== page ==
It is a fitting symbol of Commerzbank’s woes that it hoped sponsorship of the national soccer team in the World Cup would bring in swarms of new retail customers. But the defending champion was eliminated in the preliminary group phase and the bank actually saw new customers come from a beach volleyball sponsorship by its direct banking unit, Comdirect.
The bank’s second-quarter earnings announced Tuesday beat expectations but a failure to rein in costs disappointed investors. A net profit of €272 million ($315 million) topped a Reuters forecast of €227 million. But the bank said costs would exceed its forecast for 2018 by €100 million for a total of €7.1 billion. The bank’s shares, which have been trading below €10 since May, fell a further 1.5 percent to €8.81.
Citibank said in a note to clients that the revised guidance on costs was a disappointment for investors. “This is the main element in management’s control,” Citi commented. And there’s not much room for disappointment since expectations for Commerzbank are already “incredibly low,” they added.
Dark clouds for German banking
The inability of Commerzbank management to reap much benefit from years of restructuring is darkening clouds of pessimism over the German banking sector. Commerzbank is seen as a proxy for the problems plaguing Deutsche Bank, the country’s largest.
Commerzbank is the subject of constant speculation for a takeover and few would miss Germany’s also-ran bank. The fate of Deutsche – still the flagship of German finance even though it is slowly sinking – is of greater concern.
Aside from its failure to draw a sufficient number of new retail customers, Commerzbank signaled another huge problem for the ailing German banks. Operating earnings in the corporate-banking segment fell 9 percent in the second quarter to €212 million, after plunging 46 percent in the first quarter.
German companies are becoming more selective in choosing their banking relationships just as foreign banks are expanding their activities in Germany in preparation for Britain’s exit from the European Union. The added competition forced Commerzbank to acknowledge Tuesday that earnings from corporate business would be down for the year.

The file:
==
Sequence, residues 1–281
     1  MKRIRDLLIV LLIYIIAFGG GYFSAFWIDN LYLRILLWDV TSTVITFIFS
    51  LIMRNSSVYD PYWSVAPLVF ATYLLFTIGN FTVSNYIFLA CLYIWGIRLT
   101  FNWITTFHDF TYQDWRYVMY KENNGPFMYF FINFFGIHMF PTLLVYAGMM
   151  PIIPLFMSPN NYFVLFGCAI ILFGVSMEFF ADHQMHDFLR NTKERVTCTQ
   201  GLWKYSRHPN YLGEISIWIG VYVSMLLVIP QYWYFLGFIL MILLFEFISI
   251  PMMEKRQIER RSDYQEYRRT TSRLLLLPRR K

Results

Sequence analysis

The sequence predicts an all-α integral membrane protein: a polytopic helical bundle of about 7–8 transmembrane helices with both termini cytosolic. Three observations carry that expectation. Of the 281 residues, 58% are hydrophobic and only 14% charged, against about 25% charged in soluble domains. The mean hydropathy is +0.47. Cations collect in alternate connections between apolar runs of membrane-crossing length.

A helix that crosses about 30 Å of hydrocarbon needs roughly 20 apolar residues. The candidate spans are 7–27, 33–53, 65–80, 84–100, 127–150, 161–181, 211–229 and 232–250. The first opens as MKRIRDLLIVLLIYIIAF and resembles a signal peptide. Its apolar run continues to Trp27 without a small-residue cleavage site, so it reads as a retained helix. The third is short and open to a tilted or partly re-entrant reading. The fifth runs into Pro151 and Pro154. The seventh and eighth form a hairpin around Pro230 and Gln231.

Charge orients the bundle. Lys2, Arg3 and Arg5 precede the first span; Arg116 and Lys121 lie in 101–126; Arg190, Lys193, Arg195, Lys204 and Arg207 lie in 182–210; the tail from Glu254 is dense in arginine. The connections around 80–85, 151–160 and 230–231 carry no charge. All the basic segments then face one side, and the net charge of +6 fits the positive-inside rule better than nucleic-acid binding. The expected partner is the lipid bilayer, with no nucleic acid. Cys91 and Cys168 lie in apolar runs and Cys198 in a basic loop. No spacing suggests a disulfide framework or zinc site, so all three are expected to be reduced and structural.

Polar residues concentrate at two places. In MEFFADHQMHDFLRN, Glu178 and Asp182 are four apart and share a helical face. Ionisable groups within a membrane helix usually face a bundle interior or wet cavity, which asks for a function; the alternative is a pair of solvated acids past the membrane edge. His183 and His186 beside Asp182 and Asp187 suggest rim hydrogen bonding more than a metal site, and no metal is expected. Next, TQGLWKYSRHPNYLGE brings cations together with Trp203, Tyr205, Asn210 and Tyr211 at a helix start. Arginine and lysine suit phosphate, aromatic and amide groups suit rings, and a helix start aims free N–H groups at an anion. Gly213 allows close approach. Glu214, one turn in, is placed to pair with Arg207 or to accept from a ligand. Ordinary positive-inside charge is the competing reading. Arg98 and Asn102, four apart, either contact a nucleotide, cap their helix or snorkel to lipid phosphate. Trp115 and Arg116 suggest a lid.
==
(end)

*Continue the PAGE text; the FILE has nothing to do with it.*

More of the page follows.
Online bank project awaiting green light
Against this backdrop, the affirmation that Commerzbank was considering the launch of a new online bank brought mixed reactions. The bank has a project with its successful Polish online bank, mBank, to launch Copernicus, another online bank that would hopefully draw in customers from Germany and other European countries. Bank officials said Tuesday that no decision had been made, but preparations are considered to be advanced.
The bank’s experience with Comdirect, a direct bank founded in 1994, might give investors pause regarding the new plan. London investor Petrus Advisers last year wrote a scathing letter to Commerzbank management about Comdirect’s flaws. After criticizing the governance, the management and IT infrastructure of the unit, the Petrus partners concluded, “The capital market despises your leadership and goals for Comdirect.”
Chief Executive Martin Zielke put the best face possible on the results, citing “progress” in the bank’s goals of simplifying its structure and moving to digital. But he said it would take more time for restructuring measures to produce results. The bank, which last paid a dividend in 2015, said it will restore the payout at 20 cents a share for this year.
Andreas Kröner covers banking for Handelsblatt. Darrell Delamaide adapted this story into English for Handelsblatt Global. To contact the author: email@example.com